Technology and Cognition: Does the Device We Use Constrain the Way We Retrieve Word Meanings?
We examined the possible implication of two different technological tools, the touch screen and the keyboard, on cross-modal interaction in writing. To do this, we revisit experiments (e.g. ) that investigated the recovery of spatial iconicity in semantic judgment and applied them in writing to dictation. In the present experiment participants had to type or to handwrite on a touchscreen, in the upper part or in the lower part of the screen, words whose referents are typically associated with the top or the bottom part of space. In this way congruent (e.g. cloud at the top of the screen) or incongruent (e.g. cloud at the bottom of the screen) conditions were created. The hypothesis was that incongruent conditions give rise to a delay in starting to write more pronounced for touch screen session than for the keyboard one. Results are discussed in terms of embodied cognition theory.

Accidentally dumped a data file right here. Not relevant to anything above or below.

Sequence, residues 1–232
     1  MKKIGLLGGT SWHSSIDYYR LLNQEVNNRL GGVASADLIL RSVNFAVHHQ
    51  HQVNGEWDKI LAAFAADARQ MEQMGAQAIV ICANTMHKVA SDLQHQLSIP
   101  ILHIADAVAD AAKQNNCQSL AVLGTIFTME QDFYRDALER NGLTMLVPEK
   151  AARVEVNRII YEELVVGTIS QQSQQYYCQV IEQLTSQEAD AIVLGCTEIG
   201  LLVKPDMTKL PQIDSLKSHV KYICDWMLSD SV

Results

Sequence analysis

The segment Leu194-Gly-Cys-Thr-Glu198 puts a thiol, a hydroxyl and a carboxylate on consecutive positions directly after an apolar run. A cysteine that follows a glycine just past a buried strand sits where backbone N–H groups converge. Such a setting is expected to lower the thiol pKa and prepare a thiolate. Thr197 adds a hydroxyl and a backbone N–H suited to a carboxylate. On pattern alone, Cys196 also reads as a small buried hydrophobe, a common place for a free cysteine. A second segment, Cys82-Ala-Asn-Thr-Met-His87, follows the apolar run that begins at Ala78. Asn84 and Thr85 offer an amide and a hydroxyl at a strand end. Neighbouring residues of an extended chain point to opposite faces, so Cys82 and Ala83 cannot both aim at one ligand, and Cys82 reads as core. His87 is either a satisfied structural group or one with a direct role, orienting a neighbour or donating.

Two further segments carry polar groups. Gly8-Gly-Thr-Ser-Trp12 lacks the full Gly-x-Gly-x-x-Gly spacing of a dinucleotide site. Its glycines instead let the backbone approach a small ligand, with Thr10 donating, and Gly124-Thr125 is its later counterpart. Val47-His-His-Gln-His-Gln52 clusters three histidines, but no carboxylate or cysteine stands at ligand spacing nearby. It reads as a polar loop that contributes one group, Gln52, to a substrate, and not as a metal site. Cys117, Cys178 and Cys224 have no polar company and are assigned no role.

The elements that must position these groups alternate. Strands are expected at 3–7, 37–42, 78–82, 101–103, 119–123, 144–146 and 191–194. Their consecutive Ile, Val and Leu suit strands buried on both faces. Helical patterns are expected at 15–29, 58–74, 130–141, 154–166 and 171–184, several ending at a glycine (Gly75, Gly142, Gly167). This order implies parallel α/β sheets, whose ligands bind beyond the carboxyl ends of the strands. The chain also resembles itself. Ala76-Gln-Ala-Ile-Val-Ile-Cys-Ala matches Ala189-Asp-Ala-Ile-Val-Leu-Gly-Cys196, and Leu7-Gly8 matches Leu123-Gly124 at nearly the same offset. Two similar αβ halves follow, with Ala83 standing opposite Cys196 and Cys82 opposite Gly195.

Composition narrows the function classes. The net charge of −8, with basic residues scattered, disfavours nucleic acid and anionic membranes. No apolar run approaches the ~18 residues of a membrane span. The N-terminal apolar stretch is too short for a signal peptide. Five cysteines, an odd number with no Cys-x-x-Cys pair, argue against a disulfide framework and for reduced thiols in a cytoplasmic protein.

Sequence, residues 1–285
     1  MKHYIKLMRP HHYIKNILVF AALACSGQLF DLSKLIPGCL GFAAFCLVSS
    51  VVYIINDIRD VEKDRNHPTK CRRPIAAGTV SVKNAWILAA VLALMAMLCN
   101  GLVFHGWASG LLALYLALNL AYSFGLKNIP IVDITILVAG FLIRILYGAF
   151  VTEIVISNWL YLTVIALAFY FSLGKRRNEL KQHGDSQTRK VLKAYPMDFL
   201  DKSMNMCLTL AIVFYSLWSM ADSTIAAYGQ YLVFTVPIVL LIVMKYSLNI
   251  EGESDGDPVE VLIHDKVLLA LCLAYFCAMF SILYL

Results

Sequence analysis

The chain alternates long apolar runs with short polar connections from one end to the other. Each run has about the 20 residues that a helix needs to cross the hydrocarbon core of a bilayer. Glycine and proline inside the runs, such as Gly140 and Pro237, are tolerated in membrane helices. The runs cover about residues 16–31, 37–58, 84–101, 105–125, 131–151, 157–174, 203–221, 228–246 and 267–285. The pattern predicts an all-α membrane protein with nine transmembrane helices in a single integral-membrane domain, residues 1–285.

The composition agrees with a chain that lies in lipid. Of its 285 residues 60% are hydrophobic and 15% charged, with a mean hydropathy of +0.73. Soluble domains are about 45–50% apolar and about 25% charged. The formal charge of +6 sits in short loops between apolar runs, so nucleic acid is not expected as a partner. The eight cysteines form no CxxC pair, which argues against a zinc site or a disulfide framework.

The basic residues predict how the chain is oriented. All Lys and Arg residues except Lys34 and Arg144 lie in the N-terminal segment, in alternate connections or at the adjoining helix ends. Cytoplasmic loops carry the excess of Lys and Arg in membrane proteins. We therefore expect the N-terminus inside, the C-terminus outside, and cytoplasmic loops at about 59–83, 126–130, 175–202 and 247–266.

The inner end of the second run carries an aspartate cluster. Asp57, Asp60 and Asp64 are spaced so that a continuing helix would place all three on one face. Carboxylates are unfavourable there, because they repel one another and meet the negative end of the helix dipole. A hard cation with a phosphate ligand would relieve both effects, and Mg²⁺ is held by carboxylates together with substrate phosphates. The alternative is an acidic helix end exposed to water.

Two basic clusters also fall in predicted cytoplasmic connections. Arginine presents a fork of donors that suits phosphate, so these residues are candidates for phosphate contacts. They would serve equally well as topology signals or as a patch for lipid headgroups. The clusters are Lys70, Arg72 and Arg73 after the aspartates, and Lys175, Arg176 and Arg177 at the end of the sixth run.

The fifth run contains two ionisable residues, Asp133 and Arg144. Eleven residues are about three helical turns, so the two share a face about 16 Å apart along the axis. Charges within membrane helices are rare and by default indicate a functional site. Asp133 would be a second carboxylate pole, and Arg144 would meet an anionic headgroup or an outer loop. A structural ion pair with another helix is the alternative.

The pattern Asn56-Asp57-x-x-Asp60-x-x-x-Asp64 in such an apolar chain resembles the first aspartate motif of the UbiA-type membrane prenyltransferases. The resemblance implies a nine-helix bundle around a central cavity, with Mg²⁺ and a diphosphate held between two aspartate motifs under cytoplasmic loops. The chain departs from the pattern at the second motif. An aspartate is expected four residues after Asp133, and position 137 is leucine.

KeywordsTouch Screen Incongruent Condition Word Cloud Semantic Judgment Writing Modality
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